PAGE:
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What Tricks Does Kliff Kingsbury Have Up His Sleeve for 2020?

The Cardinals’ high-flying spread offense shifted to a slightly more mainstream approach in 2019. Soon there could be new evolutions for one of the NFL’s most interesting teams.

Getty Images/Ringer illustration

Heading into 2020, there’s no shortage of hype around the Cardinals offense, a burgeoning unit that makes Arizona a must-watch team this fall. Fresh off the extraordinary 2019 turnaround that saw that group transform from terrible to downright explosive, the Cardinals offense looks primed to make a big leap in Year 2 of the team’s rebuild. Led by a forward-thinking and adaptable play-caller in Kliff Kingsbury, the reigning Offensive Rookie of the Year in quarterback Kyler Murray, an elusive running back in Kenyan Drake, and a newly acquired superstar receiver in DeAndre Hopkins, Arizona has all the pieces in place to make some noise in the NFC West. But for a team that played with two distinct offensive styles in its pivotal 2019 campaign, one big question remains: What will the Cardinals’ still-evolving offense look like in 2020?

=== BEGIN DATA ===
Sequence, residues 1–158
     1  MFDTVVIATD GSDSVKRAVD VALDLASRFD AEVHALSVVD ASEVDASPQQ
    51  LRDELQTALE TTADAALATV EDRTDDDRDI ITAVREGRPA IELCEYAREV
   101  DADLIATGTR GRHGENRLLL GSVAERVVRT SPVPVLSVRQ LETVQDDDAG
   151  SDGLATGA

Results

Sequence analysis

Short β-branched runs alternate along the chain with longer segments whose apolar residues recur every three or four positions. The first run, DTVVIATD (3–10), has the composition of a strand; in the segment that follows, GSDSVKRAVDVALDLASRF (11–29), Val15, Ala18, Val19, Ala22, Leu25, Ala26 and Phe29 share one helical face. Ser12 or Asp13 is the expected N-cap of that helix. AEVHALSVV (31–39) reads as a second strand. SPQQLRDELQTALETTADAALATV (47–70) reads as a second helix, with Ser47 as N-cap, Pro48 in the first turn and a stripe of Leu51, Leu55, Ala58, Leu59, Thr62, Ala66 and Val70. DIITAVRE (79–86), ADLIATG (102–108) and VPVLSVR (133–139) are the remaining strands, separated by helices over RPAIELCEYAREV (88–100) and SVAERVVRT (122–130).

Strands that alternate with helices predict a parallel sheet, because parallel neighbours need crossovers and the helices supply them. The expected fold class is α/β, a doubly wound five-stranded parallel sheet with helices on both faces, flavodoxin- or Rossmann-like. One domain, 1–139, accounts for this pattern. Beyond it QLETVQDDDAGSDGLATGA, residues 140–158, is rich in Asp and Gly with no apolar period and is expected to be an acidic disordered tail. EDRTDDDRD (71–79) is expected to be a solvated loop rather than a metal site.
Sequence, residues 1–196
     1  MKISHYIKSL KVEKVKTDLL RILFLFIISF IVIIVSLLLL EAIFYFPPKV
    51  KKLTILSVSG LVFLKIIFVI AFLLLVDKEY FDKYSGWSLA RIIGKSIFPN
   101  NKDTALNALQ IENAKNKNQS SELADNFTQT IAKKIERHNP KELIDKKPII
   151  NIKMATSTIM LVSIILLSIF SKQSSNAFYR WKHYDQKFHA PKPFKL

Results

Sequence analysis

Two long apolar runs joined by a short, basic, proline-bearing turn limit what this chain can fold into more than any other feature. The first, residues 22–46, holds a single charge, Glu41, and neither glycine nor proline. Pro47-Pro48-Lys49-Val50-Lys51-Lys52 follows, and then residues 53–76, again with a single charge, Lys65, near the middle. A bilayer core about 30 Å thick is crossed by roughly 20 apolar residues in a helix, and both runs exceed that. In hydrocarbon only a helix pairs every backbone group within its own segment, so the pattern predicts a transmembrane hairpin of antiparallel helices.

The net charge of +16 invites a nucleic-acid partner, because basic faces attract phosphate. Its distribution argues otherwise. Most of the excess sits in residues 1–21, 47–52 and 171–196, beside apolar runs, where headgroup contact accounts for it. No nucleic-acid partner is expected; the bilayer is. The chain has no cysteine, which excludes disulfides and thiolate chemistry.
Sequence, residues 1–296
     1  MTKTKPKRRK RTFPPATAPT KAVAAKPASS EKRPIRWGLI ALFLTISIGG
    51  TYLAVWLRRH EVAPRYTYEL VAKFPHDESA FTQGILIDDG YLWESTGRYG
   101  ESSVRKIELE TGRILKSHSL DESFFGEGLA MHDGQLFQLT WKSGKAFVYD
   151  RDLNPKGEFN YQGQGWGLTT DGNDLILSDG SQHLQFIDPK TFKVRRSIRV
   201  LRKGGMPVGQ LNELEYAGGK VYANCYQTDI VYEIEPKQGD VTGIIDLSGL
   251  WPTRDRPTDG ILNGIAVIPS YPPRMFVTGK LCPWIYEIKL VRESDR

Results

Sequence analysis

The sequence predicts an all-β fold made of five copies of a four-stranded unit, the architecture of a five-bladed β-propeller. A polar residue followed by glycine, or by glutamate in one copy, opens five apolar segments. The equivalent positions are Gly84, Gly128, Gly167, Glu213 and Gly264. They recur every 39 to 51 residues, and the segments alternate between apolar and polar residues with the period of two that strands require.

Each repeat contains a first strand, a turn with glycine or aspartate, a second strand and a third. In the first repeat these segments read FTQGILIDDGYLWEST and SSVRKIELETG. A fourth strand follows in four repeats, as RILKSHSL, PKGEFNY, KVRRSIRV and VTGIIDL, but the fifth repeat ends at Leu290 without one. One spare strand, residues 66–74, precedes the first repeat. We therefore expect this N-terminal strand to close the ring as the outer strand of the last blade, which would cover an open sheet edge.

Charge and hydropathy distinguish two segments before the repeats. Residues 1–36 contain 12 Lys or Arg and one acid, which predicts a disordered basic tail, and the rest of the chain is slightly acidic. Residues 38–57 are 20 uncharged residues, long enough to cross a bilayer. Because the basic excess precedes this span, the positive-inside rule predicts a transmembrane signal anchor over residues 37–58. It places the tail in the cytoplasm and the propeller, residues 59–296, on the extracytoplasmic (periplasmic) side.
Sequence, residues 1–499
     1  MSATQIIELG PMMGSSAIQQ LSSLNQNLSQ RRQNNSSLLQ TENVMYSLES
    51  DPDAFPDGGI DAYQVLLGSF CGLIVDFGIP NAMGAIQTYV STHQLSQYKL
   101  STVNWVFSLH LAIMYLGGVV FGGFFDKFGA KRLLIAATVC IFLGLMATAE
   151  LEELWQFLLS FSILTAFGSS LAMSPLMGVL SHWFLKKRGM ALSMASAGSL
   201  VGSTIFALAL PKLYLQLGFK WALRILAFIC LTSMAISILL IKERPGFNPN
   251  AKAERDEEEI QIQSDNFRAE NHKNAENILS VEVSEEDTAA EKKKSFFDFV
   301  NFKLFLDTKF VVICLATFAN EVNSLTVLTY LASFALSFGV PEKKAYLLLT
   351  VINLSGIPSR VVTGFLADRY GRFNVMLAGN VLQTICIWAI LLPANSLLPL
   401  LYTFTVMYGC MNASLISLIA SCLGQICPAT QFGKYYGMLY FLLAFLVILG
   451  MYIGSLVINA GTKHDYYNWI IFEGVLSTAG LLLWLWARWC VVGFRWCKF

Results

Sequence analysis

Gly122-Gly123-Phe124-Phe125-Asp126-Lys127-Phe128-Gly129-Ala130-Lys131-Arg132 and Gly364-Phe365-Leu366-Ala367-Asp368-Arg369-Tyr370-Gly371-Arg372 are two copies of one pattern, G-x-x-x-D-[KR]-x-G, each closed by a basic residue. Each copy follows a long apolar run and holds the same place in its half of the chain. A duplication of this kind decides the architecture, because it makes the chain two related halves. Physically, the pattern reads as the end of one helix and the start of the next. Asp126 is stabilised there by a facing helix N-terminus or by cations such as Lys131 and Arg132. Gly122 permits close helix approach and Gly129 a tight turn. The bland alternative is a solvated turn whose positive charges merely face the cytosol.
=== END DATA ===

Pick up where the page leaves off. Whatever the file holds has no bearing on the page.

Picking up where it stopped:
Kingsbury’s Early Stumbles

The Cardinals’ much-anticipated Air Raid revolution didn’t make it off the runway in the early going of Kingsbury’s debut season. In fact, in the team’s opening-week tie with the Lions, Arizona managed just six first downs through the first three quarters, averaging 2.4 yards per play while eking out two field goals in that stretch before finding a groove late in the game (it ended in a 27-27 overtime tie). That unit followed a similar pattern over the next three games―all losses―performing in fits and starts as Kingsbury attempted to implement his college-style scheme, which was designed to operate at warp speed with mostly four- and five-receiver formations.